200 word memoir. Keyword ‘family.’
ENTRY 1 – A Bad Businessman. 200 words.
Since we grew up living away from our extended family we were fortunate to be adopted by elderly neighbours who became known to us as Ma and Pa.
Fortunate because this cultured couple who never seemed bothered by the racket of six noisy children next-door, brought into our lives art, music, gardening and…meat!
Pa was a butcher and owned his own business. The first week we moved into the house beside them, Ma called over the fence to my mother, holding out a parcel wrapped in butcher’s paper.
‘Would you mind taking this off my hands, dear? Pa has brought home much more than we can use.’
‘This’ was a mass of chops, strings of sausages and at least a pound of casserole steak!
As the years went by our adopted grandparents shared our triumphs and heartaches, were adored as if they really were family and kept passing parcels of ‘too much meat’ over the fence.
One day I watched Mum unwrap yet another bundle of chops and steak.
‘Pa’s a darling but he can’t be a very good businessman.’
Mum smiled. ‘In all these years he hasn’t figured out how much meat he and Ma can eat.’
ENTRY 2 – Little Claim. 199 words.
In time Williams was there first and longer for my sister than I but when I came into this world he loved me too. Before I could remember he gave me a handmade silver charm bracelet from The Sudan. A Sudanese charm bracelet has trinkets of all the essential items needed for the Sudanese way of life such as an umbrella, a basket and saucepan. Later on he gave my sister and I little perfume bottles bought from a duty free airport Perfumery. I saved my bottle. Even when the glass lid crumbled I wrapped all the broken pieces up in plastic and saved them too. When I was just two his foreboding dark shadow caught me using his gum-boot as a potty. Looking back I guess he had frustrations on his mind. Together, with mum, we all spent some family time in the French Alps. I can remember our train carriage travelling through lots of blank white. Many years later when I was very sad he recalled how I fell out of the bath, whilst at the Alps, and bit my lip and said ‘it’s sore’. Williams had remembered me with my first words for pain.
ENTRY 3 – Swimming Lessons. 200 words.
In the small country town where I grew up in the 1950’s, swimming lessons took place in the local river. It was the focal point for the children; the town offered few amusements other than those we created ourselves. Our family lived close to the river, so we found it easy to run down to the water on hot summer days. The swimming hole was near the bridge– we’d wave madly as the cars drove past. When my time came for lessons, I was taught by my older brother. He’d swim across the river while I held on to him, trying to kick. Sometimes I was pulled along on a rubber tyre, learning to paddle, desperately hanging on, for the river seemed deep and wide. I was fearful of things that moved in the water– slimy stuff that brushed my legs, hidden branches and mud that threatened to suck me down into the depths. But I’d cling on until we reached the other side, grab the rope hanging from the tree, and we’d swim back again. Gradually I let go of my brother, learnt to swim on my own, and little by little, gained a sense of resilience and independence.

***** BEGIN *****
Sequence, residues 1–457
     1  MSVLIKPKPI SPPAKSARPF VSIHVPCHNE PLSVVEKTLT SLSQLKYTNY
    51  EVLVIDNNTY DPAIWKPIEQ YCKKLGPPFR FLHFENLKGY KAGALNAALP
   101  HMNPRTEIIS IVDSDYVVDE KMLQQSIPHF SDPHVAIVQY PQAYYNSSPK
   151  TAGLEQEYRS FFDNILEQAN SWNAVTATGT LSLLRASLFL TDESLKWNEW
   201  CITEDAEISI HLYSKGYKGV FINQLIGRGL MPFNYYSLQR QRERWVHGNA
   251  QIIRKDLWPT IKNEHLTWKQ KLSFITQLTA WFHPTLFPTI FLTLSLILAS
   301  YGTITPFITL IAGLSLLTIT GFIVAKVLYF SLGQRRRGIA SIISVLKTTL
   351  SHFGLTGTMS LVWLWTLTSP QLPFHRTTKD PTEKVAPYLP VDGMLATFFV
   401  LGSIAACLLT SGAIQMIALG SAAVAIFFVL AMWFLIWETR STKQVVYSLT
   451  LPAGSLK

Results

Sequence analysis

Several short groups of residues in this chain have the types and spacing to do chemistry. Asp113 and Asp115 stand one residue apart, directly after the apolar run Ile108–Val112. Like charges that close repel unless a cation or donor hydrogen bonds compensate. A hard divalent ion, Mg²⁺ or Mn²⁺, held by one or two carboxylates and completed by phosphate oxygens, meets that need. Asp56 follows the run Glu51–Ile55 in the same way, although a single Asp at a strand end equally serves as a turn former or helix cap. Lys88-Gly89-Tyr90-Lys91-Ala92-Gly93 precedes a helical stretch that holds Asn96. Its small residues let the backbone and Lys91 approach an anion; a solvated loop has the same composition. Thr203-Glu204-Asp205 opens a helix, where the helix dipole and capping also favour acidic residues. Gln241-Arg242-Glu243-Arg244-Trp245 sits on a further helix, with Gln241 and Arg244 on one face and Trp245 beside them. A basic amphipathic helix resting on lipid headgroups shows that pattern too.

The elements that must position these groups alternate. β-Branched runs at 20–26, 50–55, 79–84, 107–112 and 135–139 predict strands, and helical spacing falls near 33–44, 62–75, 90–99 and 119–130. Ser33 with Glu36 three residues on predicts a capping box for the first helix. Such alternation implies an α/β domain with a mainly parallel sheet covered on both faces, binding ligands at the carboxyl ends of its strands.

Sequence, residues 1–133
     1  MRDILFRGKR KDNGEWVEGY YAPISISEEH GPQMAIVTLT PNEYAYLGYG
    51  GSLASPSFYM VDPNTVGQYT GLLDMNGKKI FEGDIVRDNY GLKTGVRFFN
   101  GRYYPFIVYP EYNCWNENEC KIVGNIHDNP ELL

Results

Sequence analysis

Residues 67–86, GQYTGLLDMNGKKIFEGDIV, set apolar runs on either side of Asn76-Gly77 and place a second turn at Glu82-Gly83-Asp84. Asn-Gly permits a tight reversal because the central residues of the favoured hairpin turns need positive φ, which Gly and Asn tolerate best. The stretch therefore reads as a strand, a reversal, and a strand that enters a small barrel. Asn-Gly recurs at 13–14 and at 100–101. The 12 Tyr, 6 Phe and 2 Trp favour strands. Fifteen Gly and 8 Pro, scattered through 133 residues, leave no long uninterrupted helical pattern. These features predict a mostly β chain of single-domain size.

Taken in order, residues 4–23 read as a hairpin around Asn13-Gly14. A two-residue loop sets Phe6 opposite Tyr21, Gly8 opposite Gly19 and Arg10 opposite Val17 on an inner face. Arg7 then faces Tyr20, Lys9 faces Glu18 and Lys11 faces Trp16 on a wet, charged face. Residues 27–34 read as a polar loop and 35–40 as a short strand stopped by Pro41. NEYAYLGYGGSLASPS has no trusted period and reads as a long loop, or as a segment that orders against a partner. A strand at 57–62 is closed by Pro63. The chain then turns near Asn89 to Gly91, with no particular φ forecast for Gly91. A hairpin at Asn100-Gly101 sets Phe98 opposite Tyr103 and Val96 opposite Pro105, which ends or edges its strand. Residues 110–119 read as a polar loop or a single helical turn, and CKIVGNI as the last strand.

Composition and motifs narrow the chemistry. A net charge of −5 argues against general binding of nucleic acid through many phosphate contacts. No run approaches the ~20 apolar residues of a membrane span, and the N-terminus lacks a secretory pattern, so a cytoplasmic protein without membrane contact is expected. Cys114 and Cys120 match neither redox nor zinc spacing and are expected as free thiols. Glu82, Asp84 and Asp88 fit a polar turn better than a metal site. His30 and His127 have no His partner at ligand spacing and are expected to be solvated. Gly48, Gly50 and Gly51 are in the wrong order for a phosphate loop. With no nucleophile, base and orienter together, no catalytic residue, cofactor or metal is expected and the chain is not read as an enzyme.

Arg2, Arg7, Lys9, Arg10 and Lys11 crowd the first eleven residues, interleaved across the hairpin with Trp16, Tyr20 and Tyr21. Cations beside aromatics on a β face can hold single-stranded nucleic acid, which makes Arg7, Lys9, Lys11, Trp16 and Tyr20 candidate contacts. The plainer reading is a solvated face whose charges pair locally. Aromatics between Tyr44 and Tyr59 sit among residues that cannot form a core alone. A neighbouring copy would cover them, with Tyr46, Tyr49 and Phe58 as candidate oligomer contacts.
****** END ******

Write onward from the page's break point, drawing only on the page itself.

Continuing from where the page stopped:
ENTRY 4 – You Were My Rock. 198 words.
You were my rock. My back. You were there to keep me straight on track. My inner glowed because you were my mother. You taught me how to do everything. You loved me till the earth stopped spinning. Thanks to you, I have confidence to do anything in crafts, painting, sewing and cooking. You were my family. You taught me as your mother; my favourite grandmother, taught you. I savour the time we shared, allowing me to know who I was. Even knowing our togetherness started out on different paths; we were united. You rang me every day. We shared the love of conversation, movies. The love of reading. ‘I miss you’. I missed you when the conversation stopped. When you became confused, and didn’t know where anything was. I didn’t understand what was happening at first. But one day the enemy revealed itself; Alzheimer’s had joined us. Taking over your life, taking away my mother. Changing you with such speed between my visits. ‘I lost you’. My strong family memories remain with me. Everything changed; the little things were gone. The cuddles, your smiles and laughter. Today your love still warms me, and I truly miss you.
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